This can occur when using Finder windows which are set to column view. When switching folder in the view, the rightmost column being displayed has excessive width, filling the Finder window, its divider being placed incorrectly at the right edge of that window.

This long-standing but intermittent bug dates back to Mavericks if not earlier, and I have whinged about it here and here. It was also present in every version of El Capitan. The only workaround is to select a different folder, then to select the correct folder again.

Finder – inconsistencies and other bugs in List views

There are several bugs in the Finder’s handling of maximize (zoom), which are most prominent, and perhaps largely confined to, List views. The most obvious, reported here, is that maximising List views often doesn’t result in a window which is deep enough to contain all the items in the view, even though there is ample space to do so. Various other issues have been reported – see the comments to this article for fuller details.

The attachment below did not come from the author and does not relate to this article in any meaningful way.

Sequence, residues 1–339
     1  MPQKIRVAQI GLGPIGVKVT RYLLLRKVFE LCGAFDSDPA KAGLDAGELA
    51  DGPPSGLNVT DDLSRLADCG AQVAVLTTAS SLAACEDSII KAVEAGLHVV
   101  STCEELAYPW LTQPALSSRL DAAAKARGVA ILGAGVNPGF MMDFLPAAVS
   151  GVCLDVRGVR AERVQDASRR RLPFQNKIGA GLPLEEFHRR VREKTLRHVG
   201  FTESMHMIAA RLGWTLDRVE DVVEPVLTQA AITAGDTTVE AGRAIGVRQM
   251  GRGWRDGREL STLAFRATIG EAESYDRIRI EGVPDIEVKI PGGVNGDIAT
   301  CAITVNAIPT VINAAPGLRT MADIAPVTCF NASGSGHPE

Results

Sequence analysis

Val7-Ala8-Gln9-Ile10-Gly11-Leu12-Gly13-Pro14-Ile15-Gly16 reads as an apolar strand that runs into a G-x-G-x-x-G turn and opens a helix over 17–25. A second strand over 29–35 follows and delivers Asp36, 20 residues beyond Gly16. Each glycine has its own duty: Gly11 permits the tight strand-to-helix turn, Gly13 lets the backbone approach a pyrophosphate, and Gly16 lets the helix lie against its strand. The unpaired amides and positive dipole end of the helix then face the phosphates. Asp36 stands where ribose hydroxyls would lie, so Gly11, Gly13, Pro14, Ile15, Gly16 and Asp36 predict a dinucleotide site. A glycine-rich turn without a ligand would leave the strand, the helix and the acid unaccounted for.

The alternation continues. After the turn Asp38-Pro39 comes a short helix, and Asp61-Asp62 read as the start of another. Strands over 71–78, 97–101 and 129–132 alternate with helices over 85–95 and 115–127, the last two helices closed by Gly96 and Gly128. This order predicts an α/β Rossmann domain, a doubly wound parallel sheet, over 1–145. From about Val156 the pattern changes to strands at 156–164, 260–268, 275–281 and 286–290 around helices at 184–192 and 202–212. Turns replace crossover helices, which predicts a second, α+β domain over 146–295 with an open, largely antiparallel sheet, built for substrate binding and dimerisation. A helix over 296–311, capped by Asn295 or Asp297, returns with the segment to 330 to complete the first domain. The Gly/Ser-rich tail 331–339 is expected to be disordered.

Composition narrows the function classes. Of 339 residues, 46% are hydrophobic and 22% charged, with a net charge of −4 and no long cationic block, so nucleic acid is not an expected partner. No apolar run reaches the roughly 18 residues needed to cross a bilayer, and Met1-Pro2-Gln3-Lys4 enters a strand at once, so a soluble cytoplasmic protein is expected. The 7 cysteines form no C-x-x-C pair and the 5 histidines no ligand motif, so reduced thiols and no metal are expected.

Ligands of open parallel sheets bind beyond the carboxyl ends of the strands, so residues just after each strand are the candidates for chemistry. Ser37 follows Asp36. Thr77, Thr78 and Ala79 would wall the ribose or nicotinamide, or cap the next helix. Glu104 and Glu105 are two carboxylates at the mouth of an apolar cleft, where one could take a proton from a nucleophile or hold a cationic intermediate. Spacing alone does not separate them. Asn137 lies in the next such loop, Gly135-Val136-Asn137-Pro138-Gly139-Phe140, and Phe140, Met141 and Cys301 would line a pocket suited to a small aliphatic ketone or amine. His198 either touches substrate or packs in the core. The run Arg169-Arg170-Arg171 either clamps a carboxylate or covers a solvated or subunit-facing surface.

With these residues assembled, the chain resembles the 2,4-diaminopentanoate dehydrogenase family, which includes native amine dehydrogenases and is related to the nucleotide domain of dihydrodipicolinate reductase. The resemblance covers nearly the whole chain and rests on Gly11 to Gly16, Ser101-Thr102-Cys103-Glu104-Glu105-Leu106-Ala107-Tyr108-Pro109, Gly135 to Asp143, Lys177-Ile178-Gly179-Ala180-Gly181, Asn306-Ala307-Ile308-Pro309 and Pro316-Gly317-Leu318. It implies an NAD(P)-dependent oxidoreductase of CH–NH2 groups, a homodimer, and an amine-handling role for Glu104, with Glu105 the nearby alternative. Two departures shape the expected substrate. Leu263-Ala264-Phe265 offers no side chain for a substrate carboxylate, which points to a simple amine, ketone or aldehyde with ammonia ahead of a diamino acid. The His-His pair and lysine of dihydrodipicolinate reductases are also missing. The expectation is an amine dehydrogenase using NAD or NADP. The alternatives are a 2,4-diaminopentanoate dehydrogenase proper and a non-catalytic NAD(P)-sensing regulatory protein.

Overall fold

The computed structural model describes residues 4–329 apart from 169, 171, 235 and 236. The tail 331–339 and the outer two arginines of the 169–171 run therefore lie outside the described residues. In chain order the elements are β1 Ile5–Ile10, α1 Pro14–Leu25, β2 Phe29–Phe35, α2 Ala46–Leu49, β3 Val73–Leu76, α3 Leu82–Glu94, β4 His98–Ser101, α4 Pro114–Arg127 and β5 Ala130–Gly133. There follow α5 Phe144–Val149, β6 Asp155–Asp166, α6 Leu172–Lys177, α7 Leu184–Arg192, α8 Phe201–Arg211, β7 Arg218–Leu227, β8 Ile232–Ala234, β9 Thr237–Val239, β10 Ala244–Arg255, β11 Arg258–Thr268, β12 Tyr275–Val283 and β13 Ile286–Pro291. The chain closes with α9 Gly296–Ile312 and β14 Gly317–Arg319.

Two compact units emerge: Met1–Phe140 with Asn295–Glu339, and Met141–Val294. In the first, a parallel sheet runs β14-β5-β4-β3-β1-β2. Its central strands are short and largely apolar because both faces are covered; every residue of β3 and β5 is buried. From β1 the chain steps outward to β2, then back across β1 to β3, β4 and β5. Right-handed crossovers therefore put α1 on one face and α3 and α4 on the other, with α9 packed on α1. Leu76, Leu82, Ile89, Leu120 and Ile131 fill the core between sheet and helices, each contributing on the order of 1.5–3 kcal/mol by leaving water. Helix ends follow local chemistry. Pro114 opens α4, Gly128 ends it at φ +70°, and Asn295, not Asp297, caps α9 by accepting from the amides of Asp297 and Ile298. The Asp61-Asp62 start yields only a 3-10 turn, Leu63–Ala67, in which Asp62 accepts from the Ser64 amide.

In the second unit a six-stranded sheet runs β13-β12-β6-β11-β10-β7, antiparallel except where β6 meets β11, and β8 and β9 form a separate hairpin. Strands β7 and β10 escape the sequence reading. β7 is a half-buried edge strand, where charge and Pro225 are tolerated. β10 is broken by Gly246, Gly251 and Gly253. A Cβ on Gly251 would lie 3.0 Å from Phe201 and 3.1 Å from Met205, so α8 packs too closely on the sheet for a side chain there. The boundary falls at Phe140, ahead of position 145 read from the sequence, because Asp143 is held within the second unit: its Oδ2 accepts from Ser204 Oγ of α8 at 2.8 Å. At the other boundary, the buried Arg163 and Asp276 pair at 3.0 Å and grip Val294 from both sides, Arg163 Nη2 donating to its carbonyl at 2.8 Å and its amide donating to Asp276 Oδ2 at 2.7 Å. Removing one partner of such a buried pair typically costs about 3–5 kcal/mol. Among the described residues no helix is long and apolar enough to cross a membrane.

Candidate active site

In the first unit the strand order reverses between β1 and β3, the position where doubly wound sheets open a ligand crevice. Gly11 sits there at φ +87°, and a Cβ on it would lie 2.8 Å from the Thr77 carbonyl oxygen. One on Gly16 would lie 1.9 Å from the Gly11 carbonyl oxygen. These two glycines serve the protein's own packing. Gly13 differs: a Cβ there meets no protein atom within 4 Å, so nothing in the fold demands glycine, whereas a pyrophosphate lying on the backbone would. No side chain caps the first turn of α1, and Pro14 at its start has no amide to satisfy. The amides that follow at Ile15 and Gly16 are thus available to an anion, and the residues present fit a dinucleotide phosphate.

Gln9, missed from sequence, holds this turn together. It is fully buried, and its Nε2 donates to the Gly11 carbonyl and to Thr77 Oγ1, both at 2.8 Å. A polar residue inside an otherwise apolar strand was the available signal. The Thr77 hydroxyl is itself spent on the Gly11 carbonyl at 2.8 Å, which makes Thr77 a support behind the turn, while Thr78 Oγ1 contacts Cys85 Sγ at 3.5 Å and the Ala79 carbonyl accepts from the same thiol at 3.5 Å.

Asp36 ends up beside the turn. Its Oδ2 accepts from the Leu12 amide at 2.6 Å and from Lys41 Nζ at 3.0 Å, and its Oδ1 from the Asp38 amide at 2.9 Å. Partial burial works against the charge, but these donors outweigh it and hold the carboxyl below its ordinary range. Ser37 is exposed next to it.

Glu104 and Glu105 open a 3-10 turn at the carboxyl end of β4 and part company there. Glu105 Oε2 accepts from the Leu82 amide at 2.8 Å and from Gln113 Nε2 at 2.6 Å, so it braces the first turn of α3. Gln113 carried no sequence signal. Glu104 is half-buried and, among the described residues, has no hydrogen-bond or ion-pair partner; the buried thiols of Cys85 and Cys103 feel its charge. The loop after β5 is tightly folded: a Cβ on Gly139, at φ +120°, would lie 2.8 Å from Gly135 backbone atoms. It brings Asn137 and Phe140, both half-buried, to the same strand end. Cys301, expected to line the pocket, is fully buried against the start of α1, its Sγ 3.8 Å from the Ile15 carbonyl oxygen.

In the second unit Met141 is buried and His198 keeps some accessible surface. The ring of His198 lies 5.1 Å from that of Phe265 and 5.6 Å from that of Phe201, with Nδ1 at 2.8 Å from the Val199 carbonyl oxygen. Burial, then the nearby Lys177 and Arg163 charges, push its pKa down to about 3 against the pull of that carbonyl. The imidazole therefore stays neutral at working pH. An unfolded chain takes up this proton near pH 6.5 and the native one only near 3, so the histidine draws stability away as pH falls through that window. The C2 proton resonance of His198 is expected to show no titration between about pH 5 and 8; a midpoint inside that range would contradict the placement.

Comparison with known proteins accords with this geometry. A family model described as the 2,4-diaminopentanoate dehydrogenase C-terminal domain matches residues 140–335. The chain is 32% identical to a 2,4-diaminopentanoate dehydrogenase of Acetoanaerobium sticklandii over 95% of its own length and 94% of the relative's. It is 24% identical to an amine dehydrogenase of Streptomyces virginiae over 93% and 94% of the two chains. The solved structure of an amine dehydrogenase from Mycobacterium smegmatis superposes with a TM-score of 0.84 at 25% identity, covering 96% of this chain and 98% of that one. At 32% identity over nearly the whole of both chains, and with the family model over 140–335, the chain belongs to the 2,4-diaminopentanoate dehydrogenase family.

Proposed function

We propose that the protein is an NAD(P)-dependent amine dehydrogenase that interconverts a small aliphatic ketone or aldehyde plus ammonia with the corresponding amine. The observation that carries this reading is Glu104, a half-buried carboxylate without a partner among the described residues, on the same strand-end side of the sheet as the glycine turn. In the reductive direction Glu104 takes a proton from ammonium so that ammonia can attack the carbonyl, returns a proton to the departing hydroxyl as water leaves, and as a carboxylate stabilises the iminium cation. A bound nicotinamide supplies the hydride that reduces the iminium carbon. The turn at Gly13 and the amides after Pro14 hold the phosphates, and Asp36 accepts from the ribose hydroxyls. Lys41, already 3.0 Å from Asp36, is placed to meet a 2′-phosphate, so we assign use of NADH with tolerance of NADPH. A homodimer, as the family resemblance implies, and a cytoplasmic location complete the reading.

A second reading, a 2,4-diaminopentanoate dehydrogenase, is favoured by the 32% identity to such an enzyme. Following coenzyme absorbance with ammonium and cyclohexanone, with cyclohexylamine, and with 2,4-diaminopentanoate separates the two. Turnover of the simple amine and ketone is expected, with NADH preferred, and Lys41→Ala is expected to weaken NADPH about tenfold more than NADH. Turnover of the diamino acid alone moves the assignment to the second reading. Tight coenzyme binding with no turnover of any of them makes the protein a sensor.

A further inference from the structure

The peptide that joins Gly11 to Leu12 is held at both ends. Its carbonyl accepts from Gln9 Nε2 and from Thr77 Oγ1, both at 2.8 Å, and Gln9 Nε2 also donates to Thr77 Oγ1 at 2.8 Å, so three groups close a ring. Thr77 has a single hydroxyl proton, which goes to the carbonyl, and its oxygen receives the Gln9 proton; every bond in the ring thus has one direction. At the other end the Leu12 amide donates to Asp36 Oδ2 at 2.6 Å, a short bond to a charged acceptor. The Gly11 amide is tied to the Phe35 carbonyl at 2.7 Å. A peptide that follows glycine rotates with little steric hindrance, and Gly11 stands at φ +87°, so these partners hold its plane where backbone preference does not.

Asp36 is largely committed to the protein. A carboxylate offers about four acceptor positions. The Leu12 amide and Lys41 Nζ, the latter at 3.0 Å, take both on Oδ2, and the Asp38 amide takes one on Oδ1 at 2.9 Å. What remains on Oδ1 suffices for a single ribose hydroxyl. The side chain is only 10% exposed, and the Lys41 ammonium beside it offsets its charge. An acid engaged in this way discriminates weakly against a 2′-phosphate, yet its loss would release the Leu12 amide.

Although these don’t have major impact, and can be worked around, they are messy and inconsistent.

Core Foundation library – loss of drag and drop

After a certain period working in Sierra, attempts to drag and drop or otherwise cut/copy and paste content fail with a Core Foundation error. In the case of drag and drop, this is likely to be the result of a memory leak, or similar. I have discussed this issue here. Once it occurs, the only way to restore normal function seems to be to log off and log back on again (or restart).

This bug first appeared in El Capitan, and now appears less frequently in Sierra, but can still occur.